Like HPr, Crh becomes (de)phosphorylated in vitro at residue Ser4

Like HPr, Crh becomes (de)phosphorylated in vitro at residue Ser46 by the metabolite-controlled HPr kinase/phosphorylase HPrK/P. Depending on its phosphorylation state, Crh exerts regulatory functions in connection with carbohydrate metabolism. So far, knowledge on phosphorylation of Crh in vivo has been limited and derived from indirect evidence. Here, we studied the dynamics of Crh phosphorylation directly by non-denaturing gel electrophoresis followed by Western analysis. The results confirm that HPrK/P is the single kinase catalyzing phosphorylation of Crh in vivo. Accordingly, phosphorylation of Crh is triggered by the carbon source as observed

previously for HPr, but with some differences. Phosphorylation of both proteins occurred during EPZ015666 cost exponential growth and disappeared upon exhaustion of the carbon source. During exponential growth, ~ 80% of the Crh molecules were phosphorylated when cells utilized a preferred carbon source. The reverse distribution, i.e. around 20% of Crh molecules phosphorylated, was obtained upon utilization of less favorable substrates. This clear-cut classification of the substrates into two groups has not previously been observed for HPr(Ser)~P formation. The likely reason for this difference is the additional

PTS-dependent phosphorylation of HPr at His15, which limits accumulation of HPr(Ser)~P. The histidine protein (HPr) of the carbohydrate : phosphotransferase system (PTS) has a dual role in Firmicutes bacteria. Megestrol Acetate In its transport function HPr delivers phosphoryl-groups from Enzyme Caspase activation I (EI) to the Enzyme II (EII) transport proteins, which phosphorylate their sugar substrates during uptake. During this phosphoryl-group transfer, HPr becomes transiently phosphorylated at residue His15. In addition, HPr also exerts important regulatory functions (Deutscher et al., 2006). It is the key player in carbon catabolite repression (CCR), which allows the bacteria to repress functions for the utilization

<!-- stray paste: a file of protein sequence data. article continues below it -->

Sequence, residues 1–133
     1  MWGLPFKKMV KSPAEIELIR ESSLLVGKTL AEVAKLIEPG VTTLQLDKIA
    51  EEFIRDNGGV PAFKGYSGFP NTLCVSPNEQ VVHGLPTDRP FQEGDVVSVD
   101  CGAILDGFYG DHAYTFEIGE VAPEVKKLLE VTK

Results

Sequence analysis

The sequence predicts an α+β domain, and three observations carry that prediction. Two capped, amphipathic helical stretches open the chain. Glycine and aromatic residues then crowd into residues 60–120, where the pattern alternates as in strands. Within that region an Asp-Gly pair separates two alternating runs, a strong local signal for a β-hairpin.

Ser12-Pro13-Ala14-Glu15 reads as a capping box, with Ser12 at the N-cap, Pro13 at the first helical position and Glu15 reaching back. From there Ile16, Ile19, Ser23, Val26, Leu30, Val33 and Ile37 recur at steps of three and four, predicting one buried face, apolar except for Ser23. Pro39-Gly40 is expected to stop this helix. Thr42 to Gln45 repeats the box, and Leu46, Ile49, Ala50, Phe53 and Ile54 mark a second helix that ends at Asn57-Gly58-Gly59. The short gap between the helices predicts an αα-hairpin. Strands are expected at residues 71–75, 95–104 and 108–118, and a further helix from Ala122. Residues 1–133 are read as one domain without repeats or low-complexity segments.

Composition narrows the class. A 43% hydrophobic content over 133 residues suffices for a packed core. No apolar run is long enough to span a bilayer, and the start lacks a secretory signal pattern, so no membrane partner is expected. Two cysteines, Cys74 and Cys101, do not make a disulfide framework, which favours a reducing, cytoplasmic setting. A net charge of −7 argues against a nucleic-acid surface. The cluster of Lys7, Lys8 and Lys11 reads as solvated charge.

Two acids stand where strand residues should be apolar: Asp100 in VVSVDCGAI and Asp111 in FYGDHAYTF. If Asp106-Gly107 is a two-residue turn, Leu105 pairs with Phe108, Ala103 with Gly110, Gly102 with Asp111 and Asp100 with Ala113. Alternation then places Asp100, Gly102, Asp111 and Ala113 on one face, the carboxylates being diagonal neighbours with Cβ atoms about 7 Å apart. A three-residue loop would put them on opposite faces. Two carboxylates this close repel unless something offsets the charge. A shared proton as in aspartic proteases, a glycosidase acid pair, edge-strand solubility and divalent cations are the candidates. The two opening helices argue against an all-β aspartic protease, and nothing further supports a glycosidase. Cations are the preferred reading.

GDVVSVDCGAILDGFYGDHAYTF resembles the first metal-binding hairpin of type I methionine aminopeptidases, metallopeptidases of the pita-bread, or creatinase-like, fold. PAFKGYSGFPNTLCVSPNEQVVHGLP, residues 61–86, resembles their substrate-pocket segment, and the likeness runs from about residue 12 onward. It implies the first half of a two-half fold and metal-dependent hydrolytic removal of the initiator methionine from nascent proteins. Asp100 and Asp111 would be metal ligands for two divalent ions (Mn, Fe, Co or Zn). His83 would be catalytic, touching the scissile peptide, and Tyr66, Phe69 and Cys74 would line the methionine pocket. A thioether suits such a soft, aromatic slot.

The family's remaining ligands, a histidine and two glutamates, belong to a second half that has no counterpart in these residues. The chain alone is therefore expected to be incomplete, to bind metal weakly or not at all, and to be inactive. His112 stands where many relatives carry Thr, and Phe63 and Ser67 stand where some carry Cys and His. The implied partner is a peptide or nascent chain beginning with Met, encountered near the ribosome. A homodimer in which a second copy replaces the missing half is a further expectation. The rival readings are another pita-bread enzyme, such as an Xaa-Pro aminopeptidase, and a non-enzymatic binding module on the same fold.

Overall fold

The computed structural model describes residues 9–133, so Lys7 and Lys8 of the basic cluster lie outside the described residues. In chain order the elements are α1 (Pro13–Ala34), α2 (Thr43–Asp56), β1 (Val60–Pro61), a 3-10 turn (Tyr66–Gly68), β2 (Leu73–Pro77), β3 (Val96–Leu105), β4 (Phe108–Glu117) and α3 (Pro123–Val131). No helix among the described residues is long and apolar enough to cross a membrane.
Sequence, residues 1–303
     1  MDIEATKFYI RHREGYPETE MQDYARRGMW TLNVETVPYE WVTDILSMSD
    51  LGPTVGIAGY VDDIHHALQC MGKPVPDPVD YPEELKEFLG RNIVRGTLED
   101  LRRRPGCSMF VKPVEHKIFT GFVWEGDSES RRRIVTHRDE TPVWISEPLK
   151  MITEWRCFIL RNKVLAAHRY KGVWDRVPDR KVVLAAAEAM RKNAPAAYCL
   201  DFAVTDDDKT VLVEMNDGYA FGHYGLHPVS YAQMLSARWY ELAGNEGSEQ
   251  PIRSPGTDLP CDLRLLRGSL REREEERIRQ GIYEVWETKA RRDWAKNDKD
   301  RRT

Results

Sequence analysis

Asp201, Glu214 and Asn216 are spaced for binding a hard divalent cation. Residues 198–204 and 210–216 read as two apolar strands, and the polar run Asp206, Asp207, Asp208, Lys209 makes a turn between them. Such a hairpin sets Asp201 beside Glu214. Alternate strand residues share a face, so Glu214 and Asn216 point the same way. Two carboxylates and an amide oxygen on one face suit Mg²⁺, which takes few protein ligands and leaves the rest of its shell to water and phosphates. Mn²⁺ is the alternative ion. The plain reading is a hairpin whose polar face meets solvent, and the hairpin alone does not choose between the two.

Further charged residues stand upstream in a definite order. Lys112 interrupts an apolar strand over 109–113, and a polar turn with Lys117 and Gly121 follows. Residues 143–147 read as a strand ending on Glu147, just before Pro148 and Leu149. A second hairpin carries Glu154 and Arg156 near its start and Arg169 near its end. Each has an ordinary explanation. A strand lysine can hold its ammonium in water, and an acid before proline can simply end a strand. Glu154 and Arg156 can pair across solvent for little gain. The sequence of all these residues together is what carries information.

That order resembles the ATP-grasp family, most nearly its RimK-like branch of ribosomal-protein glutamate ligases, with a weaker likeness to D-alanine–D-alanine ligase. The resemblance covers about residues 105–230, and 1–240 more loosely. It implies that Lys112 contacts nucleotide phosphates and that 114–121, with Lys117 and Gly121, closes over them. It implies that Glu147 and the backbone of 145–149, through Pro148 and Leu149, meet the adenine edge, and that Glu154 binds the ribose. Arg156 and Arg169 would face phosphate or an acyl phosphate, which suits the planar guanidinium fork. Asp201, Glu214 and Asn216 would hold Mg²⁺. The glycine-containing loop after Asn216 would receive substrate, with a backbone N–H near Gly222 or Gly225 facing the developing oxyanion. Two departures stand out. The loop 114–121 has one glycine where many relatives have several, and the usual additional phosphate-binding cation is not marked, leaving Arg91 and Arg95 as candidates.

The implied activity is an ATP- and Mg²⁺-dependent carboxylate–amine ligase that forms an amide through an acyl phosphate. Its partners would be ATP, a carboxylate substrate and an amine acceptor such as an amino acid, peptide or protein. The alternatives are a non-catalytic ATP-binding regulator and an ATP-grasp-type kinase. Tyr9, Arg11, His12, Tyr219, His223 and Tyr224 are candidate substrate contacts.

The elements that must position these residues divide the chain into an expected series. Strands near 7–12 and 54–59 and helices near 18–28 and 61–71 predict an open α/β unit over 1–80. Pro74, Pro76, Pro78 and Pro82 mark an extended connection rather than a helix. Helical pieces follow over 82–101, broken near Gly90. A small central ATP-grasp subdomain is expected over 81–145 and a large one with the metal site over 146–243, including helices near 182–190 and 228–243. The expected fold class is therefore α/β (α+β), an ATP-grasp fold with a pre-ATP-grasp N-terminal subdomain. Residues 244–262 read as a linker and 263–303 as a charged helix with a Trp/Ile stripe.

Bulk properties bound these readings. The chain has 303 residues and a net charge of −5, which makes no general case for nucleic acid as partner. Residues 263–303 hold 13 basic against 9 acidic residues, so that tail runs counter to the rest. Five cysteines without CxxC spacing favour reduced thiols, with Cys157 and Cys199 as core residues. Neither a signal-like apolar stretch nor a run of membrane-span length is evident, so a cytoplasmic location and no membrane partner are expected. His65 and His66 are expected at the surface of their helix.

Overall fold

of secondary carbon sources when a preferred substrate is simultaneously present (Deutscher, 2008; Görke & Stülke, 2008). To be active in CCR, HPr must be phosphorylated at a different site, Ser46. HPr(Ser)~P binds the global transcriptional regulatory protein CcpA, which thereby gains DNA-binding activity (Fujita, 2009). Phosphorylation as well as de-phosphorylation of HPr at Ser46 is catalyzed by a single enzyme, the HPr kinase/phosphorylase (HPrK/P). The decision as to whether kinase or phosphorylase activity will prevail is controlled by the quality of the available carbon source. Preferred carbon sources such as glucose or fructose, which allow the fastest growth rates, activate the kinase function of HPrK/P and thereby trigger the formation of HPr(Ser)~P.

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